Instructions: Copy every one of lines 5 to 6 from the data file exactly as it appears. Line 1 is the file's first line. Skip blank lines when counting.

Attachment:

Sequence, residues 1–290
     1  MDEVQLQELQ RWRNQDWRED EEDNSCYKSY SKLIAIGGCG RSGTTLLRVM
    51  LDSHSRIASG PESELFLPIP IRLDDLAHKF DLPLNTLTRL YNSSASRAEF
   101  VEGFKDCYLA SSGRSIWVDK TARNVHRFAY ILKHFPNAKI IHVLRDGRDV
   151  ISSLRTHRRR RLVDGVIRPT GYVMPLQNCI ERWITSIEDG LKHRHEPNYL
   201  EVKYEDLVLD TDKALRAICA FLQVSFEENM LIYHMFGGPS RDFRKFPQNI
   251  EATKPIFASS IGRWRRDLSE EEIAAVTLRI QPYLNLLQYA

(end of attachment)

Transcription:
   151  ISSLRTHRRR RLVDGVIRPT GYVMPLQNCI ERWITSIEDG LKHRHEPNYL
   201  EVKYEDLVLD TDKALRAICA FLQVSFEENM LIYHMFGGPS RDFRKFPQNI